What Is Internet Use?

Deven Desai

Deven Desai is an associate professor of law and ethics at the Scheller College of Business, Georgia Institute of Technology. He was also the first, and to date, only Academic Research Counsel at Google, Inc., and a Visiting Fellow at Princeton University’s Center for Information Technology Policy. He is a graduate of U.C. Berkeley and the Yale Law School. Professor Desai’s scholarship examines how business interests, new technology, and economic theories shape privacy and intellectual property law and where those arguments explain productivity or where they fail to capture society’s interest in the free flow of information and development. His work has appeared in leading law reviews and journals including the Georgetown Law Journal, Minnesota Law Review, Notre Dame Law Review, Wisconsin Law Review, and U.C. Davis Law Review.

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1 Response

  1. Jimbino says:

    The Internet and the Web are two different things. The WWW is hosted on the Internet, as is FTP, etc. which are not WWW.

    Folks who use “Broadband” don’t know what they’re talking about. They mean “High Frequency” or some such. A high-speed internet modem communicates over a very narrow band at extremely high frequency, so it is in no sense “broadband.”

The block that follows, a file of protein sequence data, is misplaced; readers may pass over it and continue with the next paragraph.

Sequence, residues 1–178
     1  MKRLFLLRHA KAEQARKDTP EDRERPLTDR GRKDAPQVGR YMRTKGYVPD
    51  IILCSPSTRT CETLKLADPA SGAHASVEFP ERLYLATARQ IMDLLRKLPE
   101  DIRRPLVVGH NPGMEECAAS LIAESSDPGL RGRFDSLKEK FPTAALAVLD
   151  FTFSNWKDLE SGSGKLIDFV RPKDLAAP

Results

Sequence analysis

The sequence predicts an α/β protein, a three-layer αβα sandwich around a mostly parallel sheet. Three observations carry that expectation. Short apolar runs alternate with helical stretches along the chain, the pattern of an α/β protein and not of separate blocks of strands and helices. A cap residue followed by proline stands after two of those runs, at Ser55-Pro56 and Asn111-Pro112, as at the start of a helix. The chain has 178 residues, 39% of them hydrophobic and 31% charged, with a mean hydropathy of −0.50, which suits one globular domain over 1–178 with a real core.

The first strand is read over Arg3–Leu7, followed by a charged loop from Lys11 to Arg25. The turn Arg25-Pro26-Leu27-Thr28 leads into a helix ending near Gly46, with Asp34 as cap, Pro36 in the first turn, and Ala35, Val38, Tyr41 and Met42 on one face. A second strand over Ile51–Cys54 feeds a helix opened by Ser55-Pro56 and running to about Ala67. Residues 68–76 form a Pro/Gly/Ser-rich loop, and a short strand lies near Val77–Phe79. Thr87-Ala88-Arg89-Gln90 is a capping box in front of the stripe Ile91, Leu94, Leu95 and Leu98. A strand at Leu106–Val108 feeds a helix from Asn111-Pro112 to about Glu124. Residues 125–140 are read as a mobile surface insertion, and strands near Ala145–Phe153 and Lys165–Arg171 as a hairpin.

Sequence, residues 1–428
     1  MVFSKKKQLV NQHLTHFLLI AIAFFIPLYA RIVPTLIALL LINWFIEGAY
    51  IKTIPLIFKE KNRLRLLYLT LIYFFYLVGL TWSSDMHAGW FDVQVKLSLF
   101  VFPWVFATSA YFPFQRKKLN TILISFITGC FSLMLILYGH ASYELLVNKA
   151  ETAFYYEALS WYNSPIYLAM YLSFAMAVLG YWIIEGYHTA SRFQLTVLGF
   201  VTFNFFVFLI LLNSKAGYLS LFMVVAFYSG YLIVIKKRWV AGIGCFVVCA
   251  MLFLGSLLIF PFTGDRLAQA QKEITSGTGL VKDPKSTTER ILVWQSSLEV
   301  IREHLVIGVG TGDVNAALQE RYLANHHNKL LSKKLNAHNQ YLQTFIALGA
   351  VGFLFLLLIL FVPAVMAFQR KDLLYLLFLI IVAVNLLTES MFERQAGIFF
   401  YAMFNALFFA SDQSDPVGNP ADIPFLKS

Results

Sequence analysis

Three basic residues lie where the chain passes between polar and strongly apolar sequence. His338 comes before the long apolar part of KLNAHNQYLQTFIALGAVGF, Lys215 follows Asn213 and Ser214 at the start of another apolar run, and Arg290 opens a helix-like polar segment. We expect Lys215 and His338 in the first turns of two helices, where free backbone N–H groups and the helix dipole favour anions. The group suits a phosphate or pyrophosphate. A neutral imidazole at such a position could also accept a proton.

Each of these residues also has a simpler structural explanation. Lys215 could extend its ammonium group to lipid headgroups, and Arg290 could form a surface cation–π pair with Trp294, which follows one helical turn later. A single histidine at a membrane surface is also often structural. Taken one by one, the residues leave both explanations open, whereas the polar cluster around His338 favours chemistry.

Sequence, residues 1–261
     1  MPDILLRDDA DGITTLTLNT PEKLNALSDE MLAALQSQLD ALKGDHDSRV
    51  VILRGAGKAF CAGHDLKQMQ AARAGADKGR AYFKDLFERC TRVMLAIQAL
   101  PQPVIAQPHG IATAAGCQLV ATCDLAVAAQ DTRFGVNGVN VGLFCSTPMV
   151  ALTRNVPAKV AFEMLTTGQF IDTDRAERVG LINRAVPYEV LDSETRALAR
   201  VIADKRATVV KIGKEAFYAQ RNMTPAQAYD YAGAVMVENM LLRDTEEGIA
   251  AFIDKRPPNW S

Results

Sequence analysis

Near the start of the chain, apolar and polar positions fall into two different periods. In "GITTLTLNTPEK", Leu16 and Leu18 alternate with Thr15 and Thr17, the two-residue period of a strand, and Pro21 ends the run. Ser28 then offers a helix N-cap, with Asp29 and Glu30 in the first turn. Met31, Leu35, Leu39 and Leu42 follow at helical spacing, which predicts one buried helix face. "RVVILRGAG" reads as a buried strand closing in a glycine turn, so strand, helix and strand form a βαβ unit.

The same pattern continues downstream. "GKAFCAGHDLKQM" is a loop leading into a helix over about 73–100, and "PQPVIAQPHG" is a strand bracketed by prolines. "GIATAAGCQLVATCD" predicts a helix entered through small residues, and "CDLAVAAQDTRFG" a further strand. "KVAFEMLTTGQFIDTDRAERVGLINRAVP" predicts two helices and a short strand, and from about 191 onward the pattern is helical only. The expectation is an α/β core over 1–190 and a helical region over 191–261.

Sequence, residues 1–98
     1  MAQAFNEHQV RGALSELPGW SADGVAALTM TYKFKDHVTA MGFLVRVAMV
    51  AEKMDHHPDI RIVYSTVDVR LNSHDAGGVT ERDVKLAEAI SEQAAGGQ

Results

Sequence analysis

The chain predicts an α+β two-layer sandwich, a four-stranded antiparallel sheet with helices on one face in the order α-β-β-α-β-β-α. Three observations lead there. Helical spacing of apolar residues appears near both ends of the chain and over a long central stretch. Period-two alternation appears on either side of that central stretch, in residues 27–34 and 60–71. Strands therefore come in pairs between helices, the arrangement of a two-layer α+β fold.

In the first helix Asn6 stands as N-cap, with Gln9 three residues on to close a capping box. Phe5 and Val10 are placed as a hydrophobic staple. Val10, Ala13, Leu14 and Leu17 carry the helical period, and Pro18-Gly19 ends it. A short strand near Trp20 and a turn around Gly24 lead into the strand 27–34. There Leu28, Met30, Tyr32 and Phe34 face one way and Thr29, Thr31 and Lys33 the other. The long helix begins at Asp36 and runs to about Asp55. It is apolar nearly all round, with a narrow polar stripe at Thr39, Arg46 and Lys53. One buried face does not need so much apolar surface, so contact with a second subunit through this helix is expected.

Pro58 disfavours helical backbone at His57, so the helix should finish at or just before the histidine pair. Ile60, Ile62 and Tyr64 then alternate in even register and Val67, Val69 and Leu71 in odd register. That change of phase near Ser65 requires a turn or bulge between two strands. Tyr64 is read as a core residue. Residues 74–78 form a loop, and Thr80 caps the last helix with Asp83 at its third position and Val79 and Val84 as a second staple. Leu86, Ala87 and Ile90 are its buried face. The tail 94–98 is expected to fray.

Furthermore, “gigabyte” is properly pronounced with a leading soft-g as in “gigantic” which is etymologically related, not with a hard-g as in “girl.” The Doc in Back to the Future got it right. “Gig” with a leading hard-g relates to fishing and public performances.

    Furthermore, “kludge” is pronounced to rhyme with “judge,” “fudge,” and “sludge.” That’s why the word is not to be spelled that way, but as “kluge,” which rhymes with “huge” or “luge.”

    Whatever you do, avoid mimicking the speech of an engineer: they are the ones who skipped all language classes in school, remember? However great they were as engineers, Ford, Edison, Firestone, the Wright Bros, Gates, Dell, Jobs and Wozniak are/were quasi-monolingual.